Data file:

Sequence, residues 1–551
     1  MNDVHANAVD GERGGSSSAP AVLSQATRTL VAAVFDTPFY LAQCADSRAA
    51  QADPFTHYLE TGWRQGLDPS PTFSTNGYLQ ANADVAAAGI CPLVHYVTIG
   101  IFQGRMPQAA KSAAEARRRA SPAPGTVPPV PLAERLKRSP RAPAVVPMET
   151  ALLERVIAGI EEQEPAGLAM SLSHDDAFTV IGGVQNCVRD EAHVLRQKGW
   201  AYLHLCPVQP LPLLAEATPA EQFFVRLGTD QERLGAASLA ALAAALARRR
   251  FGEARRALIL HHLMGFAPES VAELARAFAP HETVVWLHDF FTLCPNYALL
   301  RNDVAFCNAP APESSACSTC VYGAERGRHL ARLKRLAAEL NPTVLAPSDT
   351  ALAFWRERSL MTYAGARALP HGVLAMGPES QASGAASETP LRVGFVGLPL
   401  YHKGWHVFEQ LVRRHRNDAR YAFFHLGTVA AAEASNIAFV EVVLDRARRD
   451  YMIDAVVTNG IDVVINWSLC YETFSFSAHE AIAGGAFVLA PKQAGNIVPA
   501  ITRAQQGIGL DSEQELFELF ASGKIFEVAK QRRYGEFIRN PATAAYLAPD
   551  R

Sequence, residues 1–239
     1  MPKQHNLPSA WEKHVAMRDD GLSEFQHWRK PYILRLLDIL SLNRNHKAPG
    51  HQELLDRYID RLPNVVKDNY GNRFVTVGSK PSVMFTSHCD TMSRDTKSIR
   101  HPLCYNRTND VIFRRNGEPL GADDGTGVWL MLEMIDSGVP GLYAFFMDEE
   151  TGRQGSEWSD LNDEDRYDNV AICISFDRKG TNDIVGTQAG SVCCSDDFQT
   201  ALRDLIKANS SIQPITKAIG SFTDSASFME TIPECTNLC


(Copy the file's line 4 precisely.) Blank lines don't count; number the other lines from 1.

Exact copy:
   101  IFQGRMPQAA KSAAEARRRA SPAPGTVPPV PLAERLKRSP RAPAVVPMET